lot.Also the microclamate created in the terrace prtotects the plants
      from the harsh conditions of the highlands(I am farming over 9200
      ft)specially wind and frost, I´ve tried natural farming on terraces
      and it works really good but only once the fertility is back, in some
      terraces I´´ve been trying to grow vegetables in a natural way and is
      amaizing to see daikon, lettuce, chard, turnip and clover replanting
      by themselvs with any work year after year, the only thing that I do
      in some terraces is spacing because daikon and lettuce seeds are
      scattered by birds and grow to thick, but once that the spacing is
      done the only thing that i have to do is harvesting....
      Soon i would like to post some photos about the terraces and the
      natural replanting of vegetables and andean tubers, but how do i post
      the photos in the group???

      --- In fukuoka_farming@yahoogroups.com, Robert Monie <bobm20001@...>
      > Hi Ty and Steve,
      > Everything Steve said about rocks that far down under the field is
      exactly right; unless you plan to specialize in growing some
      fantastically deep underground plant like the Japanese Imo mountain
      yam (cinnamon vine), you have plenty enough depth in your soil to grow
      most vegetables, legumes, and fruits. In addition to adding organic
      matter, you could experiment with various seasonaly rotating cover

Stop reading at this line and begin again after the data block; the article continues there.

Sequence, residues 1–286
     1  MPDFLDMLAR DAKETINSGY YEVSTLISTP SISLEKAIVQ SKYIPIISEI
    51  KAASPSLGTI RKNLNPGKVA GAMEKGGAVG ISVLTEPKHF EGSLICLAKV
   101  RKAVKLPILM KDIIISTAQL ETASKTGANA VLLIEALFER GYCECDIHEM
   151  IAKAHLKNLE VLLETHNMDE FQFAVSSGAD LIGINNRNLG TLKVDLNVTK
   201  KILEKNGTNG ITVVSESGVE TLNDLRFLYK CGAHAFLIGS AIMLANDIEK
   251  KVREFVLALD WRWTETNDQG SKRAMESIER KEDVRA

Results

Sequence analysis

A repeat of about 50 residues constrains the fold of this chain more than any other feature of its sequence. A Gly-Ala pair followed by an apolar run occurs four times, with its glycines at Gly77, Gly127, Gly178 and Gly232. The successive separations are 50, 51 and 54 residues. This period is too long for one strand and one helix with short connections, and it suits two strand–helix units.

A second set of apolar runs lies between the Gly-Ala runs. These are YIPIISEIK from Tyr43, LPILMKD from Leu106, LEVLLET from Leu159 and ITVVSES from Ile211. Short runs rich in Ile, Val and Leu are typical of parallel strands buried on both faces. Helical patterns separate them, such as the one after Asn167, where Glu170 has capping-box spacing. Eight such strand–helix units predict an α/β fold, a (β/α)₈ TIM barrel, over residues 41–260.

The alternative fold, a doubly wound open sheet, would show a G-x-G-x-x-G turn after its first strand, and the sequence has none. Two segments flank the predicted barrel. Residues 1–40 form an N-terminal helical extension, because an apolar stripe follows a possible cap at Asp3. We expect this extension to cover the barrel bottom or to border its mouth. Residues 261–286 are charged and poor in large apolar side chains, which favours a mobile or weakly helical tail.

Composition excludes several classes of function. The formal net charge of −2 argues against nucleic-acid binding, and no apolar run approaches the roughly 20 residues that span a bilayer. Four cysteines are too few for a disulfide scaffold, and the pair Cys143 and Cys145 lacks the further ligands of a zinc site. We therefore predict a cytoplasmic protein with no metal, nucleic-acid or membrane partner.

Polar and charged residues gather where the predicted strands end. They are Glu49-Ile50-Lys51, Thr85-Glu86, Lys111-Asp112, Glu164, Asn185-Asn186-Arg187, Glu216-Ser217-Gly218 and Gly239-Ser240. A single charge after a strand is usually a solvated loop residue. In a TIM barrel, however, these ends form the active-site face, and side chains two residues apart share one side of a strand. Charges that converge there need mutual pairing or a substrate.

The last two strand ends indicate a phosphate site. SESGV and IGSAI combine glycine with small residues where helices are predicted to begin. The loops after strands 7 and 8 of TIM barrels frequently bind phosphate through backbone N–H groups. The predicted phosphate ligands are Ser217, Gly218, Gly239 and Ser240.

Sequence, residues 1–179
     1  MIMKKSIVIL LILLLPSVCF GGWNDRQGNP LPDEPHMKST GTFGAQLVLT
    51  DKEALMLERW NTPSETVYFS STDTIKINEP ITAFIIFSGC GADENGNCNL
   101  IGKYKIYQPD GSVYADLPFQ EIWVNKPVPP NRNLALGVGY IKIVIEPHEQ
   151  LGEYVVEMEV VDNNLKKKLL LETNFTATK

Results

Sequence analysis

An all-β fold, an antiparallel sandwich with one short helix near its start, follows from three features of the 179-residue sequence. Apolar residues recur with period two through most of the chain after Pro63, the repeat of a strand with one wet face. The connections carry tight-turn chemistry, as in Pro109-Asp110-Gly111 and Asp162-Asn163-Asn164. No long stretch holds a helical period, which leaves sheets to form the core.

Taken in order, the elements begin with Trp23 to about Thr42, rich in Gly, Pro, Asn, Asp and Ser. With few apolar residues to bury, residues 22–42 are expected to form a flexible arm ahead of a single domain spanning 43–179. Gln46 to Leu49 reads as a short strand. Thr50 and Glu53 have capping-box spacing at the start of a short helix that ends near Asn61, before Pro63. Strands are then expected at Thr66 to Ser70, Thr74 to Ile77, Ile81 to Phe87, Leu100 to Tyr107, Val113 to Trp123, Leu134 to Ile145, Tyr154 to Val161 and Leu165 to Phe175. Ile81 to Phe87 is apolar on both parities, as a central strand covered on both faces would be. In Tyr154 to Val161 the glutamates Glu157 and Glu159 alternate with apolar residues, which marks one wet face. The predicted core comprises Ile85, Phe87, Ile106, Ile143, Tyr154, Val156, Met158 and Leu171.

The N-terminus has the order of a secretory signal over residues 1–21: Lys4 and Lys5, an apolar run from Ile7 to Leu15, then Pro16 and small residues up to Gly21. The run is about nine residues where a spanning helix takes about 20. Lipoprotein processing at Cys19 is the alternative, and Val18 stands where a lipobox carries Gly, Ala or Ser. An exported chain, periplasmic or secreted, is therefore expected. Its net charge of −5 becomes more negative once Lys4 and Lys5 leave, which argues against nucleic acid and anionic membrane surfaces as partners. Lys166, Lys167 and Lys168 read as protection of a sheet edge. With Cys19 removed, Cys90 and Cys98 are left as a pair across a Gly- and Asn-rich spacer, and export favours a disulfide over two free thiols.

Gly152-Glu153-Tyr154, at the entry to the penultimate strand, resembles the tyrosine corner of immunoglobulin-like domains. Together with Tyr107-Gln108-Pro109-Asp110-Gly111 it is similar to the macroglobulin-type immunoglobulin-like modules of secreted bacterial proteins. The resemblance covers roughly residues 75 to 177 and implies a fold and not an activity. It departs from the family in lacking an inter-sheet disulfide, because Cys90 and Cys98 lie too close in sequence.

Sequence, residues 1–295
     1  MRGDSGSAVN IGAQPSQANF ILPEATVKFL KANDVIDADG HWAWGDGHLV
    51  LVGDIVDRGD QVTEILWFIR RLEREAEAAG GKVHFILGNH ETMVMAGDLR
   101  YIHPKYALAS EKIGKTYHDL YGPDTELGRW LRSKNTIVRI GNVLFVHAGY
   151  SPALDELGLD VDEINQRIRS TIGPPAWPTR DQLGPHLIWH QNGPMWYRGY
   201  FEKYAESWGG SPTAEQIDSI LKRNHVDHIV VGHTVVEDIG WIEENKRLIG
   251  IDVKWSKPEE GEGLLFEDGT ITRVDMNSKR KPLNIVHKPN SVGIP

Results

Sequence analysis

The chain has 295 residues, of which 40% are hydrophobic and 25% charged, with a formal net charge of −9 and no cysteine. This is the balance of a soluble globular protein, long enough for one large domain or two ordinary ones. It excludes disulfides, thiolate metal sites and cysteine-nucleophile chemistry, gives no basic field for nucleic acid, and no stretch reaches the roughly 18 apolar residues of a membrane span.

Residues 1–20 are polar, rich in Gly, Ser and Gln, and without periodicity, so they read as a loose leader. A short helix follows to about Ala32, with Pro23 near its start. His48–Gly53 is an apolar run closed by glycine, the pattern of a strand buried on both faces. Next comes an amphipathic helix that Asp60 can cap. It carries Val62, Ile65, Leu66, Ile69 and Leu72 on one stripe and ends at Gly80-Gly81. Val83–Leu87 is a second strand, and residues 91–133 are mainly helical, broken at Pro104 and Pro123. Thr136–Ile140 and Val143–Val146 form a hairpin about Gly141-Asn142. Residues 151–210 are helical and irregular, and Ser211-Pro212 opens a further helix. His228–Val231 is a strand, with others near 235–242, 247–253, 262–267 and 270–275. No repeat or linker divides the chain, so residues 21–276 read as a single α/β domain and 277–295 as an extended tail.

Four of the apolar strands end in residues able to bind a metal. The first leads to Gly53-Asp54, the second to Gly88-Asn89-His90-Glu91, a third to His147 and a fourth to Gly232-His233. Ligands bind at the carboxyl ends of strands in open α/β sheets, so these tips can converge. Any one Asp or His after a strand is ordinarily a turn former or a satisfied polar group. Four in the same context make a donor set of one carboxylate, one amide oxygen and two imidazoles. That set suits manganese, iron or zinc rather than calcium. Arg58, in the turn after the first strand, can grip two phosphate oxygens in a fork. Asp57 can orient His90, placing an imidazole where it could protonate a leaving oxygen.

crops to see which work best for you in your microclimate.
      > Some cover crops to try are spelt, ryegrass, red clover, and hairy
      vetch in fall/winter, buckwheat in summer, and yellow blossom clover
      or birdsfoot trefoil in spring. Also try agricultural chicory for as
      long as you can keep it going. Yellow mustard, daikon, and oilseed
      radish are also good bets.
      > Each of these crops has its own special role in creating topsoil,
      both the humus and the glomular glycoprotein parts that science now
      tells us are essential for soil fertility. Rye and buckwheat are
      alleopathic and do most of your weeding for you; buckwheat also takes
      up and releases phosphorus. Red Clover and yellow sweet clover burrow
      through the hard soil (though don't expect them to do much with the
      boulders--at least in the next 100 years) and fix nitrogen from the
      air; birdsfoot trefoil also fixes nitrogen and is not nearly so
      finicky about getting started as the clovers are; hairy vetch is a
      companion plant to rye that flourishes in cool weather; buckwheat will
      grow in the steaming South; yellow mustard mines nutrients from low
      levels, sudan grass provides mass for decomposition; chicory adds
      inulin to the soil to build humus, and so forth. One of the old "ley"
      mixes might work well for you too (these usually combine chicory or
      burnet, a bunchgrass or two, a few
      > kinds of rye, a legume and some herbs for good measure). And don't
      forget Fukuoka's beloved short and middle-sized white clovers, White
      Dutch, New Zealand or New Zealand Dutch, or Ladino. In my experience
      the white clovers work best after a few years of soil build up and